Što se tiče kreativnog turizma kao elementa županijske kulturne turističke ponude, Master plan (2018.) svoje je pod-proizvode grupirao na sljedeći način:

  • ljetne umjetničke radionice i / ili škole koje vode poznati umjetnici ili profesionalna / amaterska udruženja za djecu, mlade i amatere;
  • ljetne umjetničke radionice koje vode stranci ili ih organiziraju razne škole, udruge, zaklade za svoje članove / učenike na raznim destinacijama, uključujući županijske destinacije;
  • programi opuštanja i oporavka (joga, meditacija) koji se često kombiniraju s kreativnim (npr. pisanje) ili sportskim (veslanje, jedrenje) aktivnostima;
  • radionice temeljene na tradiciji kulture života i rada, koje u pravilu nude županijske turističke agencije, uključujući posjete eko-etno selima, tematske planinarske ture, degustacije hrane i pića, kulinarske radionice i foto ture.

Što se tiče turizma događaja (engl. event tourism), Master plan ukazuje na slabo zadovoljstvo turista brojem i raznolikošću zabave. Stoga je to jedan od niže ocijenjenih elemenata turističke ponude, koji pokazuje da je 58% zadovoljno brojnošću događanja, a 52% kvalitetom raznih zabavnih događanja.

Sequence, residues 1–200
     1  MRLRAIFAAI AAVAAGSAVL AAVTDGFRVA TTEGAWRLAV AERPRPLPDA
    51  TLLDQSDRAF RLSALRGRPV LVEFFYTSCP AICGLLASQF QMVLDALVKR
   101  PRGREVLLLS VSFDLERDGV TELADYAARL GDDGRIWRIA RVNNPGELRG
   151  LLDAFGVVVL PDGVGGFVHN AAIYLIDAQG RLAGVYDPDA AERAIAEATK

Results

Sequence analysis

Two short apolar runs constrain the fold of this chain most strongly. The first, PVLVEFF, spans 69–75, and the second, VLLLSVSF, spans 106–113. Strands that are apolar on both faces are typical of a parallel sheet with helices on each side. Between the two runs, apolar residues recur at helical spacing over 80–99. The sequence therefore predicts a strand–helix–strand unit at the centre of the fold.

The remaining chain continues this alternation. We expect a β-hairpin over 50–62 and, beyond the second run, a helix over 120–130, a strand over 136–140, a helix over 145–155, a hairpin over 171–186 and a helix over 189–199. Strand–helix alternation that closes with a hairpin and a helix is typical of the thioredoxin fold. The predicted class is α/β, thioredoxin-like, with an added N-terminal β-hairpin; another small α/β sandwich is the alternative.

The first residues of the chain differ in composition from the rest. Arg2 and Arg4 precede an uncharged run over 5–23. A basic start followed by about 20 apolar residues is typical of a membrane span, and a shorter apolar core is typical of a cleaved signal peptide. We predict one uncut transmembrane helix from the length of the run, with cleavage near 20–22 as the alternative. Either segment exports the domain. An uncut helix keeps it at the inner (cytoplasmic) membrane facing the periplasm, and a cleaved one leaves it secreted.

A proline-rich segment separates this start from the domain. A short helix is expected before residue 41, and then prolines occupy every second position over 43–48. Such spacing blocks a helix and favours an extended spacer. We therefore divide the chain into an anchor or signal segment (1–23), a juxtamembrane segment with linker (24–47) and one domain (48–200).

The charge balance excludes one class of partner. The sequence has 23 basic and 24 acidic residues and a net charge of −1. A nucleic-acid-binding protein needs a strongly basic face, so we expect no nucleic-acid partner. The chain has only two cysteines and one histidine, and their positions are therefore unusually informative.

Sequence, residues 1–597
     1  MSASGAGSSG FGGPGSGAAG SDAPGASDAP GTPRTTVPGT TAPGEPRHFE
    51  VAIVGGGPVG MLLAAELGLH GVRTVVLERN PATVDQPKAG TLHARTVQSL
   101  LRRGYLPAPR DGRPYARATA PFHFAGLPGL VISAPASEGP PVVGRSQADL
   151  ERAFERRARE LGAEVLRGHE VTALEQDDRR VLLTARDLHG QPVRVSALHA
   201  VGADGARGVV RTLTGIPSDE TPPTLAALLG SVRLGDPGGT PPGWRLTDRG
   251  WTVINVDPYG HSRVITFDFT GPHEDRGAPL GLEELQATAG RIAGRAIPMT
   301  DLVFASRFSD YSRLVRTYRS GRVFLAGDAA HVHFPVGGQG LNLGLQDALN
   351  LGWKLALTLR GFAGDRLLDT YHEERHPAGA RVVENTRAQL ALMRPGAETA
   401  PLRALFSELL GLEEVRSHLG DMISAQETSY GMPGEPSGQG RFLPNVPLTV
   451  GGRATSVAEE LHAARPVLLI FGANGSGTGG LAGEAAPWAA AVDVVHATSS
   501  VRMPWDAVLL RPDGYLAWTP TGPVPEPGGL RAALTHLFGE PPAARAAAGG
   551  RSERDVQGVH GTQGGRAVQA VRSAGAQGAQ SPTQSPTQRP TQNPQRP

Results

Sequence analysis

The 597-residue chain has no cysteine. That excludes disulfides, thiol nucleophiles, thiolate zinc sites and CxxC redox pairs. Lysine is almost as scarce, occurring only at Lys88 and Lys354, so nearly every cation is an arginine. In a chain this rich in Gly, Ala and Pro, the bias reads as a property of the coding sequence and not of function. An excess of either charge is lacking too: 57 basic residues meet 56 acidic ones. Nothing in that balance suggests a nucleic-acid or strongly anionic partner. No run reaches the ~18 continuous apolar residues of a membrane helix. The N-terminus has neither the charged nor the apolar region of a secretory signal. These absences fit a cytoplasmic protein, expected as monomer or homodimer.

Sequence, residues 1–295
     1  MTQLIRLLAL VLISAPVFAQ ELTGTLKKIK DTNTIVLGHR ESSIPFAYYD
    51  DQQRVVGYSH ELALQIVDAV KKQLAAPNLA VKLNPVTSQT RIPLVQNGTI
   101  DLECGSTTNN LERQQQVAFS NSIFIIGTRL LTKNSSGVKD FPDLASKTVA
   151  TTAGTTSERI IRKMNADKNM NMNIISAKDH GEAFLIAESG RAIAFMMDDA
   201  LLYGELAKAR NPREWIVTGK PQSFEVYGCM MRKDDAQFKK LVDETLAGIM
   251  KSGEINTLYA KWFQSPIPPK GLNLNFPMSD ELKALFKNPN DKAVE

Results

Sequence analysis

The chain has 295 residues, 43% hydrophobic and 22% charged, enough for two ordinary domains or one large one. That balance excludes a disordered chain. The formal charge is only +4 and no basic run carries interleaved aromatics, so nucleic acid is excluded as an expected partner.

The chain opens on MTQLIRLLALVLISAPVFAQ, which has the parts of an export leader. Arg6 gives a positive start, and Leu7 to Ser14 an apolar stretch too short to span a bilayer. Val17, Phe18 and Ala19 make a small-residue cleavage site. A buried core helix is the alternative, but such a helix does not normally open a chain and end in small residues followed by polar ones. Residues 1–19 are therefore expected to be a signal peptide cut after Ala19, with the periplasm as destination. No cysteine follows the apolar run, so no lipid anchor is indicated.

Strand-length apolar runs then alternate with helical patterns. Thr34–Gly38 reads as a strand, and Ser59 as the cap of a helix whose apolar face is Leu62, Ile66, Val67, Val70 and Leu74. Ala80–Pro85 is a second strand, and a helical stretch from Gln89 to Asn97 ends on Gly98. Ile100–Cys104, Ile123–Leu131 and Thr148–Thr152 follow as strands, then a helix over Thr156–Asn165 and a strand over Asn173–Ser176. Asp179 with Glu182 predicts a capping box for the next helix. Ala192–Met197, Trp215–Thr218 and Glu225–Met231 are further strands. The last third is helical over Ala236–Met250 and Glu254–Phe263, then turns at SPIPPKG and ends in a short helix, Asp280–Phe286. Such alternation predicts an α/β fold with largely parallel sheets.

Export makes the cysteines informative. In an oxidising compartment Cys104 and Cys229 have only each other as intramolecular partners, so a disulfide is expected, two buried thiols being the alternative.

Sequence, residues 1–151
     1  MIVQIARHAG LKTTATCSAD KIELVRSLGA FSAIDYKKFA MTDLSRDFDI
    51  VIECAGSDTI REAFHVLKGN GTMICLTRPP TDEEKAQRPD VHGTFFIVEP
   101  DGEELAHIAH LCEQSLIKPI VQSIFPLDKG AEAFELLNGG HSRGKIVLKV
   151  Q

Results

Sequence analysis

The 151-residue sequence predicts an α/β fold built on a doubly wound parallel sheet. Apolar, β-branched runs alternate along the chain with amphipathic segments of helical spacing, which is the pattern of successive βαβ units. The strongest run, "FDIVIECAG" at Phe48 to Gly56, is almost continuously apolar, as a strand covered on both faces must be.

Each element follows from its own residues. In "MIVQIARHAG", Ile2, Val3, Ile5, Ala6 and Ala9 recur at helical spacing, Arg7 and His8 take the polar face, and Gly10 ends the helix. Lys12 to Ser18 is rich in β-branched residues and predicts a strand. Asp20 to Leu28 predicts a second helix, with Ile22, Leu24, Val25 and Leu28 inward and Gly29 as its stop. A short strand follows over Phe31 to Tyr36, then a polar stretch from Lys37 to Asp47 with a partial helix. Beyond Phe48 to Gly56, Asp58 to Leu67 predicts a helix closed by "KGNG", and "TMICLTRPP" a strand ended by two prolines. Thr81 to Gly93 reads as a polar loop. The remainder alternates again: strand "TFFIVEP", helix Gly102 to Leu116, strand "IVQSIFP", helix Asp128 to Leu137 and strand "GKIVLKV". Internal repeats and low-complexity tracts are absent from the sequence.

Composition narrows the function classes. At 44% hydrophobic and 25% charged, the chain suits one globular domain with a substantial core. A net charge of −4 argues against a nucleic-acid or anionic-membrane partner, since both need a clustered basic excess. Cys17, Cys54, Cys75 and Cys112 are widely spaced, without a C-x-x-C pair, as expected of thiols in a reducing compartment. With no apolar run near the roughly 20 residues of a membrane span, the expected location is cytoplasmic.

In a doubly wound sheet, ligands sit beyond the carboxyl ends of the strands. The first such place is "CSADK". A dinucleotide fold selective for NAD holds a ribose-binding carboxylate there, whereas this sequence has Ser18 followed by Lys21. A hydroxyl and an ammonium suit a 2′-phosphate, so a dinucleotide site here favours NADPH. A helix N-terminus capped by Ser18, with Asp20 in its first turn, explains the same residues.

Master plan županije SD (2018.) ukazuje da, osim za Splitsku rivijeru, gdje se nekoliko kulturnih događaja može smatrati spremnima za valorizaciju tržišta, svi ostali događaji ili nisu spremni ili su djelomično spremni za privlačenje turista. Sukladno navedenom, u istome dokumentu autori definiraju  niz strategija i aktivnosti povezanih s budućim razvojem županijskih turističkih proizvoda. Tako je baštinski turizam proglašen primarnim proizvodom, kao i eno-gastro turizam, pri čemu se za potrebe njegova razvoja ističe nužnost jačanja proizvodnje lokalnih gastro i enoloških proizvoda, stvaranje lokalnih opskrbnih lanaca proizvodnje hrane i vina, jačanje mreža među proizvođačima i turističkom industrijom itd. Turizam događanja (event tourism) dobio je status tercijarnog proizvoda sa strategijama usmjerenim na poboljšanje njegove kvalitete i smanjenje sezonalnosti. Kreativni turizam proglašen je sekundarnim proizvodom u portfelju županijskih proizvoda. Napokon, gradski turizam i vjerski turizam doživljavaju se kao tercijarni turistički proizvodi.